Album Review: Hiatus Kaiyote, “Choose Your Weapon”

Hiatus Kaiyote Choose Your Weapon
(Sony – May 1, 2015)
(Alternative, Soul)
Review by Brandon Foster

Hiatus Kaiyote list as a “future soul” band by most mainstream services, but that might be limiting them unfairly. According to their website, they describe their music more as “Multi-Dimensional, Polyrhythmic Gangster Shit”. Truth be told, that is really the only way to describe the musicians from Melbourne, Australia. In more tame terms, one could call them a fusion combo band. The group is a gumbo pot of sound. Hiatus Kaiyote have been around since 2011, but still seem to be an enigma. When they released their debut album Tawk Tomahawk, they dropped it and then faded away. But the interest was still there for more material. Last year, they came back to life releasing their By Fire EP. And now, four years after their debut, they release their sophomore effort Choose Your Weapon. While Tawk Tomahawk played in the realm of “neo” soul with slight experimentation, Choose Your Weapon flips the ratio, erring squarely on the side of deliriously odd and bafflingly good. Lead vocalist Nai Palm and the rest of the band take us on a musical roller coaster, the result – a top contender for album of the year.

The album opens up with the album titled intro. It sounds like the THX intro with airy synths and then breaks into a soundtrack from the Super Nintendo game “Samurai Showdown” or the first “Mortal Kombat.” It fades out quickly and into the best song title of the last decade, “Shaolin Monk Motherfunk.” The first few moments of the song, you hear a plethora of euphoric beautiful sounds, and then the beat drops to this jazzy instrumental with Palm’s strong vocals soaring overhead. While you are just getting adjusted to the beat, it completely changes up on you with the pace of the drums. We get jazz, then we get sort of this reggae ting going on, and then out of nowhere, it sounds like something that Flying Lotus will have his fingerprints all over. This pattern of one-two-what the hell is consistently amazing and strange. The next song “Laputa” is based off of animator’s Hayao Miyazaki’s film “Laputa: Castle in the Sky.” Simon Mavin’s synthesizer is the star of the show as it sets the groove off. “Creations Part One” is an interlude that sets up perfectly to the next track “Borderline with My Atoms”. “Borderline with My Atoms” can be classified as weird as hell to some people, but it is not weird to Palm. Warning: you may not understand a damn thing she is talking about, but the affliction in her voice gives you an idea you can feel. She ends the second verse, “A ripe submergence of the highest order, no borders” That describes the album as there really are no borders of expression permeating through the LP. While the subject matter is hard to decipher, this is probably the most neo-soul sounding song on the project.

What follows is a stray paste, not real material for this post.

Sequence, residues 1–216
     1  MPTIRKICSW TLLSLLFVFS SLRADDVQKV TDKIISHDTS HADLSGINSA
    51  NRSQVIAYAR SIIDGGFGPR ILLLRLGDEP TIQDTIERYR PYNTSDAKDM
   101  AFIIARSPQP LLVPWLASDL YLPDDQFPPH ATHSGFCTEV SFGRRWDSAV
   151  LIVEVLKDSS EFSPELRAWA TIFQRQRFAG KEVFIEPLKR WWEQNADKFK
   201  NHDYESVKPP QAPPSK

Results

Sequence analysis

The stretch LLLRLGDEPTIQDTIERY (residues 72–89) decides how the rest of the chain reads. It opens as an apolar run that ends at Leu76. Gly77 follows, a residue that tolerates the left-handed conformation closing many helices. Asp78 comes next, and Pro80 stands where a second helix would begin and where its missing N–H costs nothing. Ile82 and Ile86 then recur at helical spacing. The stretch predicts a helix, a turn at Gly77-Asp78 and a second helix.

As if afraid to have any hint of bounded space, “Breathing Underwater” is the album’s first romantic track. Palm’s lyrics are intricate: moisture in plants, precipitation, and even animals are all extended metaphors for a boundless love. Perrin Moss’s drums are slight, but convey an ocean.

And the ocean swells on right into “Swamp Thing.” Paul Bender provides funky bass licks with Mavin’s synthesizer resting right below it. Like other tracks on the album, the melody can change at any minute. This tracks sounds like new age Parliament Funkadelic especially when the chorus hits. “Fingerprints” come up next and oh my, this is so groovy. You can tell this is a very personal song for Palm as it sounds more autobiographical than any track to come up in the album. The outro contains an allusion to the story of the Phoenix – the protagonist throughout the song. Track number 10“Jekyll,” is a jazz, afro-pop, and funk song all mixed into one which finds the band almost hitting a crazy equilibrium where each musician gets a chance to shine.

Choose Your Weapon has a video game presence to it. “Prince Midikid” has this feel to it like you are about to face the final boss on a video game as you enter a long hallway leading to your ultimate foe. Enter “Atari.” “Atari” sounds like a soundtrack to an Atari game if Atari had a system in 2015. Palm’s lyricism serves as more of a guide for the track as the other musicians are the stars of the track. This is the climax of the album, unified and effortless.

“By Fire” is the next track and the beginning sounds like an eargasm extension of “Atari” with Mavin’s synthesizers a giant with Palm’s voice resting right on top. Then Palm breaks out in these opera screams over chaotic instrumentals and then the beats drops into a techno-funk fused track.

The last two tracks serve as a true and great closing for a journey of an album. “Molasses” deals with all the problems that life throws at us. For a song so pessimistic, it remains hopeful if only in tone. Track number 18 “Building a Ladder” contrasts “Molasses” and deals with more with freeing the mind from the rut of its counterpart. It is only accompanied by a piano and Palm for the first 2 minutes and then the rest of the band joins in in a minimalistic send-off.

Hiatus Kaiyote is not only a highlight of the year. It is a nominee for best album of the year so far. There has not been an album released in the past 6 months that is so free and effortless. They throw a lot of things at you and give you so many moods in just one song. Look at the album cover. It looks like it is an ode to another fusion band popular in the 70s named Mandrill. Actually, these guys might be the new age Mandrill. And you can’t hand out that title easily. Palm is setting herself up to be something of a special vocalist. Get the album. I have no more to say.

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